Review: ‘My Story’ by Julia Gillard


On Wednesday 23 June 2010, with the government in turmoil, Julia Gillard asked then Prime Minister Kevin Rudd for a leadership ballot.

The next day, Julia Gillard became Australia’s 27th Prime Minister, and our first female leader. Australia was alive to the historic possibilities. Here was a new approach for a new time.

It was to last three extraordinary years.

This is Julia Gillard’s chronicle of that turbulent time – a strikingly candid self-portrait of a political leader seeking to realise her ideals. It is her story of what it was like – in the face of government in-fighting and often hostile media – to manage a hung parliament, build a diverse and robust economy, create an equitable and world-class education system, ensure a dignified future for Australians with disabilities, all while attending to our international obligations and building strategic alliances for our future. This is a politician driven by a sense of purpose – from campus days with the Australian Union of Students, to a career in the law, to her often gritty, occasionally glittering rise up the ranks of the Australian Labor Party.

Refreshingly honest, peppered with a wry humour and personal insights, Julia Gillard does not shy away from her mistakes, as well as detailing her political successes. Here is an account of what was hidden behind the resilience and dignified courage Gillard showed as prime minister, her view of the vicious hate campaigns directed against her, and a reflection on what it means – and what it takes – to be a woman leader in contemporary politics.

Here, in her own words, Julia Gillard reveals what life was really like as Australia’s first female prime minister.

This is the first non-fiction I’ve reviewed on this blog, and it’s overtly political. What could possibly go wrong…?

*dons flak jacket and face shield before continuing*

For those that don’t know, Julia Gillard was Australia’s first (and, to date, only) female prime minister. A member of the Labor party, our equivalent of the US Democrats, she came to power in controversial circumstances, replacing Kevin Rudd. Rudd seemed to present well interstate but here in Canberra, where the federal government is based, he had a reputation for being angry, disorganised and hell to work for. He did some good work with the GFC, but when he dropped the ball on environmental reform, his polling numbers tanked.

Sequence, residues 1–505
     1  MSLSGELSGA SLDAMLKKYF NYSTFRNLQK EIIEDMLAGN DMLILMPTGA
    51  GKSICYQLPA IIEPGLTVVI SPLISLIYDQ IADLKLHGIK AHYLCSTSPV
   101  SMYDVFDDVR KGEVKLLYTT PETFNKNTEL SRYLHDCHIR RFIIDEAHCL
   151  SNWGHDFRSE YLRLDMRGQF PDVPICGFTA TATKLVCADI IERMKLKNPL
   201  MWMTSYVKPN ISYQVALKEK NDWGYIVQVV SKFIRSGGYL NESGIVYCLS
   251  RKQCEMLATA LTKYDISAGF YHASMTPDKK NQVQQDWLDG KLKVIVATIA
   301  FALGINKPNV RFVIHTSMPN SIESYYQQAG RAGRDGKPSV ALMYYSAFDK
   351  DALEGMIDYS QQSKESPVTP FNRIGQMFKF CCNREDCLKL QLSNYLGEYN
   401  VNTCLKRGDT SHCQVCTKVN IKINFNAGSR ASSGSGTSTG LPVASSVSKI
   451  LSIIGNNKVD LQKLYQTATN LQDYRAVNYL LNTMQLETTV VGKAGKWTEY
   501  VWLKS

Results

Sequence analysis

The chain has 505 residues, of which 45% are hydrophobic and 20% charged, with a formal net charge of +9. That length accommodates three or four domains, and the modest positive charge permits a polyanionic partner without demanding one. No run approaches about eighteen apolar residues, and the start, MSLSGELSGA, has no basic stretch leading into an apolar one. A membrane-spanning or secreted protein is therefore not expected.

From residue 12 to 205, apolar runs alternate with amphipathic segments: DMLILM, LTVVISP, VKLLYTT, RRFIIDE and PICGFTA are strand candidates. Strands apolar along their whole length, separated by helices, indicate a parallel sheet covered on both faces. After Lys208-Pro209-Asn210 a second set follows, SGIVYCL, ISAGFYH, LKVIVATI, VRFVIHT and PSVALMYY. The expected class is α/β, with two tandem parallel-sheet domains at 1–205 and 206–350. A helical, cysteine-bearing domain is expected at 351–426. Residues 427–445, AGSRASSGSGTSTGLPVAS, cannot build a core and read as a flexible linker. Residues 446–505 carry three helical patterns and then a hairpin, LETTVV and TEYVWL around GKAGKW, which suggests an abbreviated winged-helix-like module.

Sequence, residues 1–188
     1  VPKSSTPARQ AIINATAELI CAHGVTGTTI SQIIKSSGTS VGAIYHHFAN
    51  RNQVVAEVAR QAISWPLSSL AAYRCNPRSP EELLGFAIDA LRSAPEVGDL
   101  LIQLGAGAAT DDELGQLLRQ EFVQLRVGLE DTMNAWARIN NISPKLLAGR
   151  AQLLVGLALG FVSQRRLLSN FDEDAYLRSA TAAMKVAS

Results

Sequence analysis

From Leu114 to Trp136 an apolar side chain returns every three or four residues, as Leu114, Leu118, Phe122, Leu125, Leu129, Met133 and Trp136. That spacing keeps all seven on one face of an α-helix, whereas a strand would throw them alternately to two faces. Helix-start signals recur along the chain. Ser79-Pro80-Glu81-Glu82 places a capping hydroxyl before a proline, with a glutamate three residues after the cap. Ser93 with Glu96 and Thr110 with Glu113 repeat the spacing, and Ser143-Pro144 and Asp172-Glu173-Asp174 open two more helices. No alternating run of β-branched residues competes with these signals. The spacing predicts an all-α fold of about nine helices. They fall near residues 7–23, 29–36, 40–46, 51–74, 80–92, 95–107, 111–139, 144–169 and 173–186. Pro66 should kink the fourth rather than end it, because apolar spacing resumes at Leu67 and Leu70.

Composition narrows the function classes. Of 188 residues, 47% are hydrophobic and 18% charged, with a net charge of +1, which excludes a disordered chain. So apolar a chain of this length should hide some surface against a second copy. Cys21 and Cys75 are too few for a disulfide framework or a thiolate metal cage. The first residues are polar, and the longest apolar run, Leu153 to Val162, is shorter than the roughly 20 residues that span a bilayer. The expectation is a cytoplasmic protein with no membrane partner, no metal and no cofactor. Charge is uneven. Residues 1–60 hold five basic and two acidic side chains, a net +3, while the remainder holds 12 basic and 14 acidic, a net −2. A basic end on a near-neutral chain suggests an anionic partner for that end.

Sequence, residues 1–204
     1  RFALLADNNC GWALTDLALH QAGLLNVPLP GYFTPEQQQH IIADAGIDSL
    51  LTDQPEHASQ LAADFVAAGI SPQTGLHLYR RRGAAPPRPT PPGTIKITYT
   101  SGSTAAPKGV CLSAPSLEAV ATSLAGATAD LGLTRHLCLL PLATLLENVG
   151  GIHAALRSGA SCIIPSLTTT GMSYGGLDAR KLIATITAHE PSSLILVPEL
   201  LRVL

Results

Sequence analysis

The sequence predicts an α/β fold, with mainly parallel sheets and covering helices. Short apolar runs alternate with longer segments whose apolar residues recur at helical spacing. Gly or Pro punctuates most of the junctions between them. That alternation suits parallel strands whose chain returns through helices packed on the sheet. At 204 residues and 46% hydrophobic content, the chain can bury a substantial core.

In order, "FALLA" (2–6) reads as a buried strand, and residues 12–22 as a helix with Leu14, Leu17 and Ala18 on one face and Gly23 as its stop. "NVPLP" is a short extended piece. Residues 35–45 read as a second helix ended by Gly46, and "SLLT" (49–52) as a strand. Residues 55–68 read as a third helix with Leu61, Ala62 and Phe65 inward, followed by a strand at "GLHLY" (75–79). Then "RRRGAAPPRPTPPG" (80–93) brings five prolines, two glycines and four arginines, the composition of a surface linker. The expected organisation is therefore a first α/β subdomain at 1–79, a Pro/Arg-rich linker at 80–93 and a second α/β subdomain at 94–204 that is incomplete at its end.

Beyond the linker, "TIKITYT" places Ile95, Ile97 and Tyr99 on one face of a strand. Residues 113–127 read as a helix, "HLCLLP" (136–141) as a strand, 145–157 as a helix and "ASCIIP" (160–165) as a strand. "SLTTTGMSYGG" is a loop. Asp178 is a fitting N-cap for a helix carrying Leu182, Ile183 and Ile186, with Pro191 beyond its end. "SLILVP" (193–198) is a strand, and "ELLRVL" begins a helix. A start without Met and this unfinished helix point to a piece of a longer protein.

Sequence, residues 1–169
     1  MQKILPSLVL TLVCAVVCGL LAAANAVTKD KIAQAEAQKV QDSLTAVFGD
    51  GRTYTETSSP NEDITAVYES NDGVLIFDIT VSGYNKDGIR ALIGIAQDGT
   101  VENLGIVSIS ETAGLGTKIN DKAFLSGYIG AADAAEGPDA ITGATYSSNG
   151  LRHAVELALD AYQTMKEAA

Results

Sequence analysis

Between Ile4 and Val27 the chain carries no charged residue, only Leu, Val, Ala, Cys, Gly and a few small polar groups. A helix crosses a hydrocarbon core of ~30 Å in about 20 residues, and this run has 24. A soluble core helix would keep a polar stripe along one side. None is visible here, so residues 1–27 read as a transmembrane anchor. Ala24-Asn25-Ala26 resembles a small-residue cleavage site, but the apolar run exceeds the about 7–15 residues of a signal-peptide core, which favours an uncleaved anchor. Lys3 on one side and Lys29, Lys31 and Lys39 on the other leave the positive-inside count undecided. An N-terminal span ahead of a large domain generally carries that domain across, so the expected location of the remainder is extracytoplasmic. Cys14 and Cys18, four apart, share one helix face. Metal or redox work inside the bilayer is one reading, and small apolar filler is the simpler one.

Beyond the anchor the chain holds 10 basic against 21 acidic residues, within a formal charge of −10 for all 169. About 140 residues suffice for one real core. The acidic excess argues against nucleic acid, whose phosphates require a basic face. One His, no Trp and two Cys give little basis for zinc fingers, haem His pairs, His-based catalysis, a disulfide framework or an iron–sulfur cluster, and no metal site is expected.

Consequently, I think Canberrans were among the least surprised when Gillard took his place as PM.

I was always fond of Gillard, especially when she was being fiery and speaking off the cuff (her canned speeches, on the other hand, were a cure for insomnia — sorry, Jules, but they were). Some of that was because her politics broadly align with mine. A lot of it was because of the abhorrent way she was treated by the conservative media and the lunatic fringe. I felt a certain girl power solidarity, you know?

So, with that huge disclaimer, what did I think of My Story?

Bits of it, especially the first third, were riveting. Bits of it were, as the blurb says, wryly funny. Bits of it — especially her insights into Rudd’s behaviour after he was ousted — filled me with righteous indignation. (Australia is in the grip of conservative government now, and it’s fair to say that Rudd is largely responsible for that. Thanks very bloody much, Kevin.)

But bits of My Story were kind of a cure for insomnia too.

This is the first political memoir I’ve read, and it makes sense that politicians in these kinds of books will be keen to establish their legacy, in their own words. And while I enjoyed the personal anecdotes and the insights into negotiations, I really zoned out during the talk of numbers and budgets and something about nominal growth? What? If I’d been reading the paperback, I would’ve skimmed the middle section, but because I was listening to the audiobook I slogged through the whole thing while cooking dinner and colouring in. (Adulting is hard.)

Maybe if I’d paid more attention, I would’ve gotten more out of it. :p

Still, Julia was gracious in acknowledging where others had done good work — even Rudd, in the early days. She was also honest about the places where the Labor government went wrong on certain policies and decisions, and accepted the blame where she had a role in those mistakes. I respect that, as well as her ferocious intellect and her resilience.

If you’re on the centre/left of Australian politics, this is worth a read.

Three-and-a-half stars

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